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I had a funny meeting some years ago when I met with an individual about the development of their team. I knew the individuals CEO well, and on his recommendation, I remember being excited to meet one of their team. Unfortunately, my excitement dissipated as first I waited for this individual who finally arrived 20 minutes late without any acknowledgement or apology, and they then proceeded to turn their body away from me for the whole meeting. They were displaying all the traits of what I could only interpret as someone on a power trip.

I ended up getting a bit frustrated and eventually said that I don’t think we can work with you. Suddenly there was a change in demeanour and body language. I can only presume they now had visions of having to go back to their CEO to let him know Indicator wasn’t keen to work with them. I am not recommending my course of action to anyone, but I can tell you it solved the power imbalance. The situation and meeting changed from then on, and I should also say we went on to build a very successful partnership together which is still going. I have given them a heads up about re-telling the story, which we have laughed about a few times over the years.
In sales, there is a subtle and sometimes not-so-subtle power imbalance that often exists between buyers and sellers. The not-so-subtle is when one side treats the other side poorly based on the perceived power they have in the relationship. This is a relationship where the client treats the seller badly, or even sometimes when the seller or supplier will treat the client badly, which I certainly don’t recommend for a successful partnership. Everyone in sales will recognise what I’m talking about and have stories of their own.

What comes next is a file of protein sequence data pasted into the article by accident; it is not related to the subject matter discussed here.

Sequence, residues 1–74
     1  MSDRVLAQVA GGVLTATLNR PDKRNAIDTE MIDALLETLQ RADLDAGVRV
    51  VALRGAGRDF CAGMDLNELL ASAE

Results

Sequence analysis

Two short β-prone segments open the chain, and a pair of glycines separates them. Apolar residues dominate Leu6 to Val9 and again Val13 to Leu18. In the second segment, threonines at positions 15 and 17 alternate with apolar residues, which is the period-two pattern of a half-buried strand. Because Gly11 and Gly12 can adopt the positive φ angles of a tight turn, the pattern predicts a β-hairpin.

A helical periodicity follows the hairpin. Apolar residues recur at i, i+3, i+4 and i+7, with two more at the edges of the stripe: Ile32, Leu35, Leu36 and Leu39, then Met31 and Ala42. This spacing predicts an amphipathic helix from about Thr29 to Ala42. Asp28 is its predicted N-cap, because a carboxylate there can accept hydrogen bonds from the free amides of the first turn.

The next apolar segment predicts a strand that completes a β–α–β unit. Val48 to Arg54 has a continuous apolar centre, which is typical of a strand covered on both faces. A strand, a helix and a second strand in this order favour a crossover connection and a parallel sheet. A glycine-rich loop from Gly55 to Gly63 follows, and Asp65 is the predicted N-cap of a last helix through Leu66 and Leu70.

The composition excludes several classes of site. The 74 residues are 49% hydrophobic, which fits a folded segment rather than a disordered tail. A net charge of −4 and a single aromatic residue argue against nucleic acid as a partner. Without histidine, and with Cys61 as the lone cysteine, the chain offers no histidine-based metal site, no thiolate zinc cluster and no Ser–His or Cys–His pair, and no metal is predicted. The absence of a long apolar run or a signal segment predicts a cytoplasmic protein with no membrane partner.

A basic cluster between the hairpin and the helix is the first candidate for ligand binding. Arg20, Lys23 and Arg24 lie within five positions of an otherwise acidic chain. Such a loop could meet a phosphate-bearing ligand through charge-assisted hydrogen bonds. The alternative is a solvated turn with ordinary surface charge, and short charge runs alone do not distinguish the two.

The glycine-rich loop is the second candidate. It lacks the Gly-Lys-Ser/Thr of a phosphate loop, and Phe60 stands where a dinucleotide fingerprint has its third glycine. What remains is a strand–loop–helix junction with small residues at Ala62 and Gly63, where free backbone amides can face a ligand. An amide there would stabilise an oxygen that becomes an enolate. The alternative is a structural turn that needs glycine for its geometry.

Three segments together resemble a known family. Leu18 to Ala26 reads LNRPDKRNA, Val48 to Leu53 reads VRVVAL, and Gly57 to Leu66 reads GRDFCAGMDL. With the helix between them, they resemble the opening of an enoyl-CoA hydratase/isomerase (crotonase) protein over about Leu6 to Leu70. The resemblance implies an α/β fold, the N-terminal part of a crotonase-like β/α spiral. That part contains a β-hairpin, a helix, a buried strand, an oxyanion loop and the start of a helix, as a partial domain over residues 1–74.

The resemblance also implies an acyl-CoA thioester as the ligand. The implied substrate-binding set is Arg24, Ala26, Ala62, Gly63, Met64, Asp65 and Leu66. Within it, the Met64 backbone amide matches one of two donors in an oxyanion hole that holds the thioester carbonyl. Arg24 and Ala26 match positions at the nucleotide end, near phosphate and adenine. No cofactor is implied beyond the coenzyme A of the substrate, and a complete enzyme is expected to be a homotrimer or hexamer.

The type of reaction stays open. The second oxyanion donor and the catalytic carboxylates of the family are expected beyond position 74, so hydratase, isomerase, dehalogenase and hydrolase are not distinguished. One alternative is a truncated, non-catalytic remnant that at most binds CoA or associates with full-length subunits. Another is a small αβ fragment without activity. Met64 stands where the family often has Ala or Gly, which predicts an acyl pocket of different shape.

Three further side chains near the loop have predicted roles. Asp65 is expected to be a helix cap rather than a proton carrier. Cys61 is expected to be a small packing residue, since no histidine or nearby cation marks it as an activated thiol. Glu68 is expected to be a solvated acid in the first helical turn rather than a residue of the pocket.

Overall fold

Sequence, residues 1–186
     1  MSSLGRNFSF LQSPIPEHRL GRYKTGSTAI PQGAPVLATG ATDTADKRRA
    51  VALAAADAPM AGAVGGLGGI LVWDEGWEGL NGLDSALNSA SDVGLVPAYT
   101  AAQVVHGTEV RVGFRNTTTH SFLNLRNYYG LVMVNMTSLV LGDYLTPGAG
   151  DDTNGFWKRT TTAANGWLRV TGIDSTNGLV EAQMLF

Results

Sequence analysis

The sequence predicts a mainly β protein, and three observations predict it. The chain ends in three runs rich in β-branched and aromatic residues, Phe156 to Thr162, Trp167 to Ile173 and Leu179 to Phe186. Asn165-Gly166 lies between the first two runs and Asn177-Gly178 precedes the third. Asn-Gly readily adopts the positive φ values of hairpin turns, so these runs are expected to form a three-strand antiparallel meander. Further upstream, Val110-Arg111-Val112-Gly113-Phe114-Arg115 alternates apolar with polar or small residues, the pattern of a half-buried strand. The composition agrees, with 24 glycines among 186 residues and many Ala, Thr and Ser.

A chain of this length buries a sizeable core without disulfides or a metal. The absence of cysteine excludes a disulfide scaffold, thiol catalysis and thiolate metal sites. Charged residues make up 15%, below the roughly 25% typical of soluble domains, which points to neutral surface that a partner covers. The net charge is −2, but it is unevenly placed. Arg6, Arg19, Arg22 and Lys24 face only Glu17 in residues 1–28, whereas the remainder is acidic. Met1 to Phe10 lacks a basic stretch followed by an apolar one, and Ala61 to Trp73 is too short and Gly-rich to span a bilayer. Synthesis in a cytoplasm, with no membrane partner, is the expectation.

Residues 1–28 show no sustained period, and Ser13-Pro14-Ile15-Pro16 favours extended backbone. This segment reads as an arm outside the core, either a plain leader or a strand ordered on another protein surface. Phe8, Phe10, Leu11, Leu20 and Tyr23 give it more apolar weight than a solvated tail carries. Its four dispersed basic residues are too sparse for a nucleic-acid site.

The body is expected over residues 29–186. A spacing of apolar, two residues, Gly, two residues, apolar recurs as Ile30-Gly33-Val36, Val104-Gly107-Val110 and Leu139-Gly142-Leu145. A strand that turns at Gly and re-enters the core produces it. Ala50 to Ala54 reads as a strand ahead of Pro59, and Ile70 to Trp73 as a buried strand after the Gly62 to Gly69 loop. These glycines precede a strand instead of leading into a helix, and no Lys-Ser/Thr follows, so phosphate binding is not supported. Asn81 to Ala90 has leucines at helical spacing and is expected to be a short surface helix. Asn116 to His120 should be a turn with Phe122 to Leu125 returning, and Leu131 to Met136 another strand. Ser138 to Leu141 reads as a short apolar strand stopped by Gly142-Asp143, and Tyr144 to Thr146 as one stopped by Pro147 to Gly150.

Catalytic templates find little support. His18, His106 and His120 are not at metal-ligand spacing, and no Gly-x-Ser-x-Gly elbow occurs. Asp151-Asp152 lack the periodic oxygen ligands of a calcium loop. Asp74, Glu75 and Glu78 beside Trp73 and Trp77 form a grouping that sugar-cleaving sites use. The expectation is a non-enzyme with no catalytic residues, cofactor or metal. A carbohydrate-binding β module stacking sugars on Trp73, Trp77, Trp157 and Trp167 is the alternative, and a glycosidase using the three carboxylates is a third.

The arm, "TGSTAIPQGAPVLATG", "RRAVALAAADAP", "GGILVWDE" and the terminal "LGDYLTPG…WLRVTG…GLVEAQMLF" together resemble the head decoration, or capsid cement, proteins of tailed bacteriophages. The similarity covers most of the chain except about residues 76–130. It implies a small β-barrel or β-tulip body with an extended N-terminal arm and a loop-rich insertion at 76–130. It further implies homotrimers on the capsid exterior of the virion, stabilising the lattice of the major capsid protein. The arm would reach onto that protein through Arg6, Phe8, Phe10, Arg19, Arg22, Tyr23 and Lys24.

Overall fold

This power imbalance theme has reared its head in a variety of situations over the last couple of years. Employees (particularly good ones) held the power over their employers emerging out of Covid, as they had so many options available to walk into new roles, due to labour shortages. Suppliers had power over customers when there was a massive shortage of product, one client commented to us, that finally their salespeople were receiving some respect from their customers, just so they would allocate product to them. 

I am not a fan of the power imbalance that often salespeople are made to endure, but a good salesperson should be able to gain some form of parity by adding value to a relationship. An order taker or someone whose sole goal is making friends with a client is unlikely to receive parity, however, someone who is taking a consultative approach and adding value is positioning themselves to do well.

There are occasions however when parity will never be achieved, no matter how much value has been added, and we all know of companies who have walked away from some of their biggest accounts for this reason. Cultural fit is such an important part of the business. I am a fan of politely extracting yourself from any relationship that is not deemed a partnership, and I believe that is truly an empowering place to be. As I have written about before, I am also not a fan of the RFP process as it seldom allows for the partnership-type relationship most suppliers are looking to achieve with their clients.
We see this power imbalance everywhere and I personally don’t believe it is good for business, although I am sure plenty of people will disagree with me as it has enabled many a negotiation to be one-sided. As businesses evolve and consumer expectations shift, recognizing and addressing this power imbalance is essential for fostering successful and sustainable sales relationships, an increasingly important topic in the current market.